So anyway, it turns out that Bumblebee is a great ride which largely succeeds in recapturing what made Transformers fun and engaging to begin with. Don't get me wrong, it's not groundbreaking in looks, style or execution. But it's a firm step in the right direction. The central story of a girl, Charlie, and her first car is a touching one, played completely straight by Hailee Steinfeld (and is all the better for that). As a outsider figure and borderline geek, Charlie fits perfectly into the role typically filled by one of the Witwicky-kids, full of warmth and wonder. That said, as great as Steinfeld is (when is she not?) and as great as Bumblebee is (ditto), the two performances never quite meet in the middle. But that's of little consequence in a movie that's supposed to be throwaway entertainment.

And the rest of the humans? Well. John Cena illustrates once again that he's the loveable, wisecracking tough-guy you telephone when the casting budget won't stretch to Dwayne Johnson. In the guise of military curmudgeon 'Agent Burns', John also illustrates that you get what you pay for. Not awful, certainly an upgrade from Mark McMark, but bringing little to the party other than monosyllabically explaining the jokes ("Don't run! Don't run!!…" *Charlie runs* "…she ran.")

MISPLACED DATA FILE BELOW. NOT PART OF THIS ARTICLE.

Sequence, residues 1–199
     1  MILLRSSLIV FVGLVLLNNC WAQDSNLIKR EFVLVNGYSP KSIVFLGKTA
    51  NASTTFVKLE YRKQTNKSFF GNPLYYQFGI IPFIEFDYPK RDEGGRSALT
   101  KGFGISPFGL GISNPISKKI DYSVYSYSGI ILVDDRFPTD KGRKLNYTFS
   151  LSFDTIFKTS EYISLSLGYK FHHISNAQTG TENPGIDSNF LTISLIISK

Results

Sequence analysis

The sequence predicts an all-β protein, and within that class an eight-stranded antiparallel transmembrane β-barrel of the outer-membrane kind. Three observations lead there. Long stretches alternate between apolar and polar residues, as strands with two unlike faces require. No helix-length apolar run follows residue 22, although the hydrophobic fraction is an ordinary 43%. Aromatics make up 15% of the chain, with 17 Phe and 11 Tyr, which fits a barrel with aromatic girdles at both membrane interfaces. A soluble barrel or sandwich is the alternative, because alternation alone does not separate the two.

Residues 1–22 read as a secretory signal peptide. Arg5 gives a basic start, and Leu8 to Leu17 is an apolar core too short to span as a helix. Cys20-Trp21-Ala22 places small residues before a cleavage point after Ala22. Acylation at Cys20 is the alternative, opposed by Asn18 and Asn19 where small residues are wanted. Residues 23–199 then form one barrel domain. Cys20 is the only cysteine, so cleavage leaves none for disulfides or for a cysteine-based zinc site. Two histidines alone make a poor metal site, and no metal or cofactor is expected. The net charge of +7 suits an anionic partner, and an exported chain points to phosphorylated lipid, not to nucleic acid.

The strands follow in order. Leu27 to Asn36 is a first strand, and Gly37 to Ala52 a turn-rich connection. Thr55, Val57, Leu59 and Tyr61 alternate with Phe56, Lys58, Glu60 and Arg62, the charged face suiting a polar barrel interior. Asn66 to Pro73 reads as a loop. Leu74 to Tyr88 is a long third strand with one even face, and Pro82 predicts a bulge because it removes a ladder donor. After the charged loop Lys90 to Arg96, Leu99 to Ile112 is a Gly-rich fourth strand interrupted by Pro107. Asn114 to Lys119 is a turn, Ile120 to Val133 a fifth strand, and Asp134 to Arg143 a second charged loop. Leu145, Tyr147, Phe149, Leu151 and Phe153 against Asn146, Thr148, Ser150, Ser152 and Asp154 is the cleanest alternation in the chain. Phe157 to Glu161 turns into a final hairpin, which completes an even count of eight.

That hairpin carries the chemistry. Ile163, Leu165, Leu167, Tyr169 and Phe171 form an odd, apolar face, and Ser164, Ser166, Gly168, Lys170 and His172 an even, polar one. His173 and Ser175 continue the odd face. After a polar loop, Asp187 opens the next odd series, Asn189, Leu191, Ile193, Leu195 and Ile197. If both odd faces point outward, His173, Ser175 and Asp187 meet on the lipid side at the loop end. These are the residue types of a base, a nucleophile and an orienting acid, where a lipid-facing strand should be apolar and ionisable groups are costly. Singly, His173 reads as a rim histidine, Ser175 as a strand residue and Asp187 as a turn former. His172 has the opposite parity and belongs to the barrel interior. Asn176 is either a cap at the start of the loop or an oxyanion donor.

But what's a 1980s film without industrial levels of Nostalgia™, eh? And click in that seatbelt because Bumblebee hopes you've got a penchant for 80s songs at a needle-drop rate of one-every-three-minutes-or-so. And for the most part that's fine, the hits are in there and so are a few slightly more specialist tunes. Although speaking of which, one of the movie's more pointed gags left me exhaling slightly too loudly.

As intimated above, this an era through which I was lucky enough to live at a relatively musically cognisant age. As such I find it hard to believe that the kid who's into The Smiths and Motorhead (because she Wears The T-shirts™) is going to have a Rick Astley cassette just lying around in the garage, when in the Summer of 1987 that would have been brand new. In fact, unless 'Never Gonna Give You Up' appears here on a perfectly cued compilation tape, there wasn't a cassette release of that song until the 'Whenever You Need Somebody' album landed in November of that year. And this film doesn't look like it takes place in November, California or not. God I love being a middle-aged pedant.